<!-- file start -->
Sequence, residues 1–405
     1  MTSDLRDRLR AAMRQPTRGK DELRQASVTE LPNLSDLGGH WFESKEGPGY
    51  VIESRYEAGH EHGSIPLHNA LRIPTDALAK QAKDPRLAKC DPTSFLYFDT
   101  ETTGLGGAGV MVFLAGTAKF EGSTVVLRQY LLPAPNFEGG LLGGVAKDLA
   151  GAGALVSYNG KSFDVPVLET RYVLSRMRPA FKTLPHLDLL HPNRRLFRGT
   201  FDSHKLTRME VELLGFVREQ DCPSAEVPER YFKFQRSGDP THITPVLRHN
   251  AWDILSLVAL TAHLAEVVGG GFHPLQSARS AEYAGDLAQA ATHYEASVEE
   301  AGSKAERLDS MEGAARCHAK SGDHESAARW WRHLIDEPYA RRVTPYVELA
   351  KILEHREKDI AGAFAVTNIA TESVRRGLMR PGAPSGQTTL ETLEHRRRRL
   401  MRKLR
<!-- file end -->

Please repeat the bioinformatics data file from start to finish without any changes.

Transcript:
Sequence, residues 1–405
     1  MTSDLRDRLR AAMRQPTRGK DELRQASVTE LPNLSDLGGH WFESKEGPGY
    51  VIESRYEAGH EHGSIPLHNA LRIPTDALAK QAKDPRLAKC DPTSFLYFDT
   101  ETTGLGGAGV MVFLAGTAKF EGSTVVLRQY LLPAPNFEGG LLGGVAKDLA
   151  GAGALVSYNG KSFDVPVLET RYVLSRMRPA FKTLPHLDLL HPNRRLFRGT
   201  FDSHKLTRME VELLGFVREQ DCPSAEVPER YFKFQRSGDP THITPVLRHN
   251  AWDILSLVAL TAHLAEVVGG GFHPLQSARS AEYAGDLAQA ATHYEASVEE
   301  AGSKAERLDS MEGAARCHAK SGDHESAARW WRHLIDEPYA RRVTPYVELA
   351  KILEHREKDI AGAFAVTNIA TESVRRGLMR PGAPSGQTTL ETLEHRRRRL
   401  MRKLR